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Why Liverpool (not Glasgow) should be the Eurovision 2023 host city

Music is a part of this city’s DNA – and we sure know how to throw a party

Written by
Alice Porter

If you haven’t already heard, Eurovision is coming to the UK in 2023 after the country came second in this year’s competition behind winners Ukraine. Seven cities were shortlisted to host the event, and now just two – Liverpool and Glasgow – are in contention, with the winner due to be announced this week. And although both are obviously pretty good candidates, as a Liverpudlian, there are so many reasons why I believe we should host the competition.

For a start, Liverpool considers itself to be a European city through and through. Not only was it awarded the title of European Capital of Culture in 2008, but it attracts tourists from all over the Continent. A whopping 67.3 million visitors came to the region in 2018. And over the decades, many of them have decided to stay, creating a rich, diverse European population across Liverpool and Merseyside.

On top of that, there’s also an incredible LGBTQ+ community in Liverpool, which is important for an event like Eurovision, where queerness is actively celebrated and encouraged. The area around Stanley Street is the city’s officially recognised ‘Gay Quarter’ and bars including OMG, Heaven and Gbar will make the perfect afterparty locations post-Eurovision. 

Photograph: iaminut /

And if we’re talking about a party, you can be sure that Liverpool knows how to throw one. Walking through the city centre day or night, you can expect to hear music, whether it’s from young musicians busking on the street, all-day karaoke bars or locally famous Pete (known by some as Plinky-Plonky) who you can find on the same bit of Lord Street every day in a bright green suit singing into a toy microphone. We make the everyday feel like a reason to celebrate so give us the biggest music competition in the world and you’ll be in good hands.

If we’re talking about a party, you can be sure that Liverpool knows how to throw one

The most obvious reason for Liverpool being the ideal host is that music is part of the city’s DNA. Having produced what you could pretty uncontroversially call the best and most successful band of all time – The Beatles – Liverpool is known for its musical talent, so where better to host a contest that in theory is looking for just that? And while the Fab Four are easily the best-known Liverpudlian export, they aren’t the only musicians to have cut their teeth here: Elvis Costello, Frankie Goes to Hollywood, Echo & the Bunnymen and Atomic Kitten are just a few of the artists who also nurtured their talent in Merseyside.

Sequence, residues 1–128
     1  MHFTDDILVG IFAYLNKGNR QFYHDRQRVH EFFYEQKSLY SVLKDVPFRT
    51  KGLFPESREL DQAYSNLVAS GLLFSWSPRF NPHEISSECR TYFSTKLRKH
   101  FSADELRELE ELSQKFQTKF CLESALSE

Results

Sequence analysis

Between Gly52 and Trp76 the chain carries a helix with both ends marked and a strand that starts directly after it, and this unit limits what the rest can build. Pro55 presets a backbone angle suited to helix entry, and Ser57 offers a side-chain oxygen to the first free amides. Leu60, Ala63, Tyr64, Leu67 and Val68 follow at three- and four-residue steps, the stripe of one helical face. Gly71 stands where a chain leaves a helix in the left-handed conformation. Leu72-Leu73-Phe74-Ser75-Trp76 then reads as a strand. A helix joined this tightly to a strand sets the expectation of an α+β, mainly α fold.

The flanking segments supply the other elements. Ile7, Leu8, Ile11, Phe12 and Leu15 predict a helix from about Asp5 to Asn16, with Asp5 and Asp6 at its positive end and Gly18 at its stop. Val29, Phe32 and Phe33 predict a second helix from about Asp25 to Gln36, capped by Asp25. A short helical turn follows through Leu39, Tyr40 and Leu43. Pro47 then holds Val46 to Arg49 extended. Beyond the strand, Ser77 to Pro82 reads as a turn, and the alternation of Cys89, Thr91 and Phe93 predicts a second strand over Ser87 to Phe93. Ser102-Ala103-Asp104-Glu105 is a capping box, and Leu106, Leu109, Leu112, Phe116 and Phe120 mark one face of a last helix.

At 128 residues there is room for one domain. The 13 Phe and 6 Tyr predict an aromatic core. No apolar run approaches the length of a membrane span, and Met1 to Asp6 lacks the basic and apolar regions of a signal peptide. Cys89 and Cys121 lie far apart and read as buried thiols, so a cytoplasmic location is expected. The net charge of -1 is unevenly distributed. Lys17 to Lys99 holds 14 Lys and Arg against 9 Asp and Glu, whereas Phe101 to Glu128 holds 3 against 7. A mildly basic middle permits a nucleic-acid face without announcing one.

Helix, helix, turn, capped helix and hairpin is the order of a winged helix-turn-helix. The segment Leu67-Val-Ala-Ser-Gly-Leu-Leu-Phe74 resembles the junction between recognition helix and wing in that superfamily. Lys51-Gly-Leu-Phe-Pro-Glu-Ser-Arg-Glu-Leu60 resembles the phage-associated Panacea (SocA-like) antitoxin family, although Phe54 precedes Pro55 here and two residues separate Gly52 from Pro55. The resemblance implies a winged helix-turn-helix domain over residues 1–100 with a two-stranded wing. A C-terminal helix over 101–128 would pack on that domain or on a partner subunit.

Photograph: cowardlion /

Liverpool has also experienced huge regeneration over the past 30 years and becoming the Eurovision Host would be a brilliant way to show the rest of the UK and the world just how much we have to offer. There’s the newly developed Baltic Triangle, which has become Liverpool’s cultural hub and nightlife capital, as well as the ever-changing Bold Street, a hotspot for the city’s independent businesses. If Liverpool was to host Eurovision, it would take place in the M&S Bank Arena which opened in 2008 and holds 11,000 people. It’s centrally located on the Albert Dock, home to museums like the Tate and restaurants including local fave Maray, which serves Middle Eastern-inspired food. Independent restaurants, bars and shops are constantly popping up all over the city and it’s safe to say that you might not recognise Liverpool if you haven’t visited since the Millennium. 

Given that Glasgow hosted COP26, Eurovision seems like the perfect opportunity to showcase another UK city to the world. And with some of Liverpool’s most recognisable landmarks – from the Liver Building to the Anglican Cathedral, the biggest in the UK – within walking distance of each other, the city is also the perfect weekend break for anyone travelling down for Eurovision. The best part? Liverpudlians are known for their hospitality and will welcome this opportunity to host so many visitors with open arms and a big, scouse smile.

ICYMI: is Liverpool getting fed up with Beatles tourism?

Plus: could fan-owned venues be the future of live music?

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